We believe that all children and young people should be informed of their healthcare rights and supported to understand:
- How to look after their health, both physical and mental.
- Know what to do if they are unwell.
- Know how to access health services when they are needed.
NHS Health Boards: Each NHS Health Board should have a robust policy for the provision of healthcare for adolescents and those moving from paediatric to adult services. Health Boards should share knowledge and understanding to ease provision for those needing to travel in and out of the area for treatment.
Partnerships: Children’s Health Scotland welcomes the emphasis placed by the Chief Medical Officer on partnership medicine and the potential this offers for young people to make a smooth transition from paediatric to adult health services. For children and young people, the partnership involves parents or carers to a reducing degree as adolescence progresses. The expectation that the clinical care of the young person will change over the same period of adolescent development must be adapted to the wishes and needs of the young person and their family as well as the healthcare providers and facilities.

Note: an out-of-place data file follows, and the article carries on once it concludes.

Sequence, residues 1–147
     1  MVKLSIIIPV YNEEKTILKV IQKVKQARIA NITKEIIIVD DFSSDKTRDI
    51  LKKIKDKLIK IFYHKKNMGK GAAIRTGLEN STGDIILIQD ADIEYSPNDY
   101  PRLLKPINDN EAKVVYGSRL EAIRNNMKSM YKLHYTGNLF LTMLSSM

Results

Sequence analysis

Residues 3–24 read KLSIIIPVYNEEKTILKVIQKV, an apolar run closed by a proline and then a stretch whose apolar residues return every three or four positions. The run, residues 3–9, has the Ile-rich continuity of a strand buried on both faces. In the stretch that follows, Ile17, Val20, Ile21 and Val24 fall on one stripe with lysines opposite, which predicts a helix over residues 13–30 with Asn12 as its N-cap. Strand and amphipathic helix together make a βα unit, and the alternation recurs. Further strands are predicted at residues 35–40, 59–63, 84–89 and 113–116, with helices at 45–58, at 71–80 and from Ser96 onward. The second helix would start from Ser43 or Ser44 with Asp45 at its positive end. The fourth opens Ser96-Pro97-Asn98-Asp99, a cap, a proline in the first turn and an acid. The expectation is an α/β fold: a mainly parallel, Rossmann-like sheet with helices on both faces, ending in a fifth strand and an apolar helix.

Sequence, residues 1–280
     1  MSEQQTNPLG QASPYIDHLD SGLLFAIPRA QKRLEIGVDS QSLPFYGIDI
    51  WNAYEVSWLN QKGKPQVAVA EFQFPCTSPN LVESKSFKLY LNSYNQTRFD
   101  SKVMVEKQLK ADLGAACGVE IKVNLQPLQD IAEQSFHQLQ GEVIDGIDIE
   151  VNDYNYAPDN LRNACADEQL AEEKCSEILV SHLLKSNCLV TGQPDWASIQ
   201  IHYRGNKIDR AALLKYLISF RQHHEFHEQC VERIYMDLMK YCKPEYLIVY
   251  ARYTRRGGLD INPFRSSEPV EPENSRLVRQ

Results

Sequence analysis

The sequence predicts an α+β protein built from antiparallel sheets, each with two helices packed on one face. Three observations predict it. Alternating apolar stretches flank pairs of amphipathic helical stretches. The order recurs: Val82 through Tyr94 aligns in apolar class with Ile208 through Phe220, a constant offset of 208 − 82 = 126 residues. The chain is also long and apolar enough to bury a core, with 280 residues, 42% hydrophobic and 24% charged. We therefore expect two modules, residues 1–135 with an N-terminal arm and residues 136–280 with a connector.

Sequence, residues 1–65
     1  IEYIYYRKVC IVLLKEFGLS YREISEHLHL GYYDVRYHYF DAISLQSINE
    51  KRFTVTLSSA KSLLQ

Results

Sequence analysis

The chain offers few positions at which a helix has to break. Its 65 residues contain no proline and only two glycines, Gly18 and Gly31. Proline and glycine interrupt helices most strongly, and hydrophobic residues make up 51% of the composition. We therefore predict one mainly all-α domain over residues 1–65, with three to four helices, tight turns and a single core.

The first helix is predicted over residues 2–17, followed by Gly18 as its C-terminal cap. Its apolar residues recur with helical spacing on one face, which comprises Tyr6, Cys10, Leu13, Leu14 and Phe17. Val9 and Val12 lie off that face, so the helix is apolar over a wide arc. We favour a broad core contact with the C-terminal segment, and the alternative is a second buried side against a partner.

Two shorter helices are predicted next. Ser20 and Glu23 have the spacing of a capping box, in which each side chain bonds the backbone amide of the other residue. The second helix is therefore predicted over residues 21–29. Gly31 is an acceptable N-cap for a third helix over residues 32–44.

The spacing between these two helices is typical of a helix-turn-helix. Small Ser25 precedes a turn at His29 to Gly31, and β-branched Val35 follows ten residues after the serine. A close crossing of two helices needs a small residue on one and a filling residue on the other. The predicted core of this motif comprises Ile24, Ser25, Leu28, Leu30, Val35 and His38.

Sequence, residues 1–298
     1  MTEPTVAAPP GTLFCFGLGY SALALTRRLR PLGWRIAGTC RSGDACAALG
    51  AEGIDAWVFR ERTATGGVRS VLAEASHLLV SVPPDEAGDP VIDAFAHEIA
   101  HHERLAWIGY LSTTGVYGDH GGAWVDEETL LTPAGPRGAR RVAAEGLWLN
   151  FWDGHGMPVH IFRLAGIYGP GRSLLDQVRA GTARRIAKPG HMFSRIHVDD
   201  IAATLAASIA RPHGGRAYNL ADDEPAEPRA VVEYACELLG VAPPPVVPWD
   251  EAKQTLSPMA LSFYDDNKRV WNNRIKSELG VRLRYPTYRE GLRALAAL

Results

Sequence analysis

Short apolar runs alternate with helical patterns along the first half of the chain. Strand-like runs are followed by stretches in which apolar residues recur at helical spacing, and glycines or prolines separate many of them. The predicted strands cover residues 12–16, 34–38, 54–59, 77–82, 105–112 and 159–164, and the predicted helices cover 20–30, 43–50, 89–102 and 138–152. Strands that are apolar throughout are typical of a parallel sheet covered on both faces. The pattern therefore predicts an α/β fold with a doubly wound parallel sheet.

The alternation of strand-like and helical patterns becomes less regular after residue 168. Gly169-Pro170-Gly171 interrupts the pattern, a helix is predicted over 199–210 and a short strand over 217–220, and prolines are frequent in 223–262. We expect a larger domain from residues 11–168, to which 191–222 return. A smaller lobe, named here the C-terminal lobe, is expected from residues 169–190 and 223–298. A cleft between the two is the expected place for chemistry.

Physical activity: Wherever possible and appropriate, young people should be encouraged to see physical activity and exercise as an important element of health maintenance. When in hospital, their recovery can be enhanced, and long-term health improved by the inclusion of physical activity in their treatment plans. If this can be planned to provide social contact within an age-appropriate environment, then this may offer additional benefits.
Policies and procedures: Children’s Health Scotland asks for an executive member of each NHS Health Board to have responsibility for transition policies and procedures for young people with long-term chronic conditions and/ or complex disabilities. This senior role should have line management for those health professionals and advocates who are nominated as key workers for individual young people, with authority to ensure that the needs of the individual young person are considered in relation not only to age and maturity, but also the life events that may impact on their ability to cope with transfer of care at a specific time.